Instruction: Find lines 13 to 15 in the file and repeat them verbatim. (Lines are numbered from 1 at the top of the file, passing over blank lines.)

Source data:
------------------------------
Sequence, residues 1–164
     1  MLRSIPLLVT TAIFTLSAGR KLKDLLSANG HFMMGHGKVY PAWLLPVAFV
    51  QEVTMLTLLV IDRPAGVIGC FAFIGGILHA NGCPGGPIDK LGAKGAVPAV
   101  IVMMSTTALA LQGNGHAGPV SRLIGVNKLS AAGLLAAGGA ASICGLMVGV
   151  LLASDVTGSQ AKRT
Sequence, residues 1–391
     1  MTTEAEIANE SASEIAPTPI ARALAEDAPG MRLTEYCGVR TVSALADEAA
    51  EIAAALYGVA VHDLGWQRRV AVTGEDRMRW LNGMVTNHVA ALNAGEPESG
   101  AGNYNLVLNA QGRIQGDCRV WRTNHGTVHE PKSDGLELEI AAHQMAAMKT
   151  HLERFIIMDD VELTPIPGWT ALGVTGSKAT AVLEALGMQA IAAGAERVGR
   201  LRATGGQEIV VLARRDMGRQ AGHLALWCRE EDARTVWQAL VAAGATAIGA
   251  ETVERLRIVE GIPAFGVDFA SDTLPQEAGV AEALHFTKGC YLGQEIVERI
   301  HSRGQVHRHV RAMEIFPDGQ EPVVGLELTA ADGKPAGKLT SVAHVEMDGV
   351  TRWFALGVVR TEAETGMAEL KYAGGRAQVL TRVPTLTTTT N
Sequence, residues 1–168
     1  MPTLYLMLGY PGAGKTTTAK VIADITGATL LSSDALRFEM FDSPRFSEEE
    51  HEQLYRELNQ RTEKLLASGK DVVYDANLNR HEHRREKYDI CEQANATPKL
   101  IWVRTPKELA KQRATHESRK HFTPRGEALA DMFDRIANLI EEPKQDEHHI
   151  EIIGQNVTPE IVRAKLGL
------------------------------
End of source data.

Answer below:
   301  HSRGQVHRHV RAMEIFPDGQ EPVVGLELTA ADGKPAGKLT SVAHVEMDGV
   351  TRWFALGVVR TEAETGMAEL KYAGGRAQVL TRVPTLTTTT N
Sequence, residues 1–168